Ashcroft Ghost Town


11 miles up Castle Creek Rd. from the roundabout on Highway 82 at the west entrance to Aspen


Beginning June 14: open daily with docent on-site 10 a.m. - 4 p.m.

Self-guided and honor system admission during fall, winter, and spring


Children 18 & under free (must be accompanied by an adult)
Free for active military personnel

Honor system admission box located on welcome sign

Located eleven miles up Castle Creek Road among spectacular alpine meadows at the storied headwaters of Castle Creek, the former silver mining ghost town features the restored remains of several historical buildings, including a saloon, post office, and hotel. Docents (during open hours) and interpretive signage tell the stories of the boom town that once rivaled Aspen.

Discover Ashcroft in the Archives

View historical photographs, maps, and artifacts related to Ashcroft Ghost Town in the online archives.



Grounds Rentals

Experience the magic of an historic ghost town located at the headwaters of the pristine Castle Creek Valley. This extraordinary site is available for ceremonies only and features stunning high alpine scenery in an unmatched historic setting.

Available June through September

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Site History

1880 - 1885

Silver Mining

Silver was discovered in the upper Castle Creek Valley in 1880, leading to the establishment of Ashcroft, a transportation hub and mining town. However, the prosperity was short-lived, and Ashcroft eventually became a ghost town.

The Castle Creek Valley was once home to the Ute people, who used the area for summer hunting and foraging. However, with the discovery of gold and silver in the Colorado Territory, the Ute people were gradually displaced, and ultimately, in 1881, they were forcibly removed to reservations in southern Colorado and eastern Utah.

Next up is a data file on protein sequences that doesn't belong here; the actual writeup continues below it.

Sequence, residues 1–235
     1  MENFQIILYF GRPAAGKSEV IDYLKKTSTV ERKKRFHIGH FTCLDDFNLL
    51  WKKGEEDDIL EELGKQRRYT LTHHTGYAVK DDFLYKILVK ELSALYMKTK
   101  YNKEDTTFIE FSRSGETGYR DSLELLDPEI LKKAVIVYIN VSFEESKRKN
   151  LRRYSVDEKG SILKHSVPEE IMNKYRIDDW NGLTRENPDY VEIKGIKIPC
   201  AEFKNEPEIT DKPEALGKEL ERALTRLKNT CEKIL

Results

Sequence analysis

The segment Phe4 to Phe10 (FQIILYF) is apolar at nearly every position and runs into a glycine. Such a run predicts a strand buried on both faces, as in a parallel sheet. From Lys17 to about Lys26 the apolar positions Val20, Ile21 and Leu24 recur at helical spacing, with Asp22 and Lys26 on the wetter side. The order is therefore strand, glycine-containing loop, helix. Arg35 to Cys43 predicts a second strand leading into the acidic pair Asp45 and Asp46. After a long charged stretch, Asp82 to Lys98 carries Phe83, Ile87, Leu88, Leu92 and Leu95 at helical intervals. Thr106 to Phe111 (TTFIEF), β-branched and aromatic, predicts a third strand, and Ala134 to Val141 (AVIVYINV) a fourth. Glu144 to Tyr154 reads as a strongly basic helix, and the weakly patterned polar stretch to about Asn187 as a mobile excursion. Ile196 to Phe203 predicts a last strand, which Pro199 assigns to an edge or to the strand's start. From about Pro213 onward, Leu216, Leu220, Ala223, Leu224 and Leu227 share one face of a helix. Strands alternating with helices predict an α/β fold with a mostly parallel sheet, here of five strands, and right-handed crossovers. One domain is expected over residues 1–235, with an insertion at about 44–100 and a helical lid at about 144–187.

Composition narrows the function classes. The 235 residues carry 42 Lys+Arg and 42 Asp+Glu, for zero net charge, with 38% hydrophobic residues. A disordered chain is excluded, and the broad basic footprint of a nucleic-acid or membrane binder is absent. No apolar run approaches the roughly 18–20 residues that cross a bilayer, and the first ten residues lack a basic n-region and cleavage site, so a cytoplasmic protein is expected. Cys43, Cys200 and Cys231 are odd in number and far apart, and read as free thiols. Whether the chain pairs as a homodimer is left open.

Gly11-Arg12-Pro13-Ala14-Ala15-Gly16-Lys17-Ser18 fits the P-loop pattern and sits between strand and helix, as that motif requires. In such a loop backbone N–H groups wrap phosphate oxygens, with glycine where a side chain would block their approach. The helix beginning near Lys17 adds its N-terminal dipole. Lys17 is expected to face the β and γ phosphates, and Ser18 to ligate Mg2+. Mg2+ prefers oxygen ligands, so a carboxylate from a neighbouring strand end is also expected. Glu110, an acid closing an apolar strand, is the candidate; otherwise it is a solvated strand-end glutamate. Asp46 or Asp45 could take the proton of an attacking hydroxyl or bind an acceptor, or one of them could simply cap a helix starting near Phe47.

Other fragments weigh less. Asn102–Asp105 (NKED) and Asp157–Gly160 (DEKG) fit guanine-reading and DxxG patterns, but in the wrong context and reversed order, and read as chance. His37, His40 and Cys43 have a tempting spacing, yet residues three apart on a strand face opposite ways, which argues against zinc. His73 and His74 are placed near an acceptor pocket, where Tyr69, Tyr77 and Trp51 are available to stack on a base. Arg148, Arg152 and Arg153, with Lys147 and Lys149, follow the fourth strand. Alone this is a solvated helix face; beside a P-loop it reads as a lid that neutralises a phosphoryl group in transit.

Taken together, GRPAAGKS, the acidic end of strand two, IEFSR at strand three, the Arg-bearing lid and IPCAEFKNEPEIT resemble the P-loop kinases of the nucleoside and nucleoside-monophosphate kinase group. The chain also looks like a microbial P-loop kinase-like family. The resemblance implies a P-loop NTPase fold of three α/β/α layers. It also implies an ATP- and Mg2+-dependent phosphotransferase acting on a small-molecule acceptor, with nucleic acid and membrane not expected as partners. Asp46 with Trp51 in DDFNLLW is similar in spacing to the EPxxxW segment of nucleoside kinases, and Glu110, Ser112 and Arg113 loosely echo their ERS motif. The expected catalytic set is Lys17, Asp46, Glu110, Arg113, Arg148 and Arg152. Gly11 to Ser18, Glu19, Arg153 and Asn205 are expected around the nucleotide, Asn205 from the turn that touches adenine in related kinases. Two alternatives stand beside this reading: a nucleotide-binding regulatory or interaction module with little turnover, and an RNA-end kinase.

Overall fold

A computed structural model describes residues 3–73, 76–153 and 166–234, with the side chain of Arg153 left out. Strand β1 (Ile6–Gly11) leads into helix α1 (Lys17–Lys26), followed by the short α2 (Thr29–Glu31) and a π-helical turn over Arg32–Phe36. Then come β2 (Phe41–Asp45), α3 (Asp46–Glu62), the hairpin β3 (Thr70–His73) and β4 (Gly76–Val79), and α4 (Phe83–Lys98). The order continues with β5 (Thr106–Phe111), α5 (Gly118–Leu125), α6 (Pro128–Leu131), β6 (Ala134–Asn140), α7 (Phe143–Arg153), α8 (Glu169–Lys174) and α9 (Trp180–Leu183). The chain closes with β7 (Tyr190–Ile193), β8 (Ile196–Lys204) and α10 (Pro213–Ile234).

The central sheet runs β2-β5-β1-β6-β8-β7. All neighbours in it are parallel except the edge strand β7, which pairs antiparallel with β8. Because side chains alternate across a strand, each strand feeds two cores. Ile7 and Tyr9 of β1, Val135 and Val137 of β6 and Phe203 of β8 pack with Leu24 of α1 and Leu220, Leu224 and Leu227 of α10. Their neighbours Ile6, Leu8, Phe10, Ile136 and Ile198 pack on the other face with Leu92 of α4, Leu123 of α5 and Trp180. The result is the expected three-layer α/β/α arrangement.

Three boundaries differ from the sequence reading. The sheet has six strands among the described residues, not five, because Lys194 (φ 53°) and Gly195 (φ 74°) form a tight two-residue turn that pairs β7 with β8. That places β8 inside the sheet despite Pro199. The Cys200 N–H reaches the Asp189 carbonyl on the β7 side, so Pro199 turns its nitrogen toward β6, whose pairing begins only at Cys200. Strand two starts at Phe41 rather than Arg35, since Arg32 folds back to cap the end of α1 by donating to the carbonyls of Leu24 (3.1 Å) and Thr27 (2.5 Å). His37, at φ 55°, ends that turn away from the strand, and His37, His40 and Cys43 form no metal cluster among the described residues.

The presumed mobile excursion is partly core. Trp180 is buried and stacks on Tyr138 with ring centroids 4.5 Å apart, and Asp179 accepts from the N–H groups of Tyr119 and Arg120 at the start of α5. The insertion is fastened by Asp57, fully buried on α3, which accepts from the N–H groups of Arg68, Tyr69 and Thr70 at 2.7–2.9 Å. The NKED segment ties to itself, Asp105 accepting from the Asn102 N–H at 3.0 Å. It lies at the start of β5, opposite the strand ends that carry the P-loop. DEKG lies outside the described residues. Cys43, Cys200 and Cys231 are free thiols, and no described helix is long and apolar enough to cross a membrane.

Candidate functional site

Image of an encampment of Ute Indians with horses and tipis in the background as a Ute woman rests against a travois with her child on her back. Circa 1880s.
Photo | Denver Public Library

In the spring of 1880, prospectors Charles B. Culver and W. F. Coxhead left the boomtown of Leadville to search for silver deposits in the Castle Creek Valley. After vigorously promoting their findings back in Leadville, Coxhead returned to find 23 more prospectors had joined “Crazy Culver” in the camp they named Castle Forks City. They had already formed a Miner’s Protective Association, built a courthouse, and laid out the streets.

Town of Ashcroft from the east looking over the town taken from Taylor Pass Toll Road, circa 1881.
Photo | Aspen Historical Society

1885 - 1912

Prospectors, Boosters & Town Fathers

As quickly as it boomed, Ashcroft went bust. Mines closed when ore veins turned out to be only shallow surface deposits. By 1883, Ashcroft residents were moving to Aspen, sometimes taking their cabins with them. Of the five mining camps established in the Roaring Fork Valley, only Aspen survived the mining economy boom-and-bust cycle.

Several attempts were made to revive the area. However, by 1912, the population had dwindled to less than 50 residents, and Ashcroft gradually declined into a ghost town.


One b/w glossy photograph of a large group of people in front of the Post Office at Ashcroft, 1900-. Most are riding mules, and are young men.
Photo | Aspen Historical Society

Young men on mules in front of the Post Office at Ashcroft, circa 1900.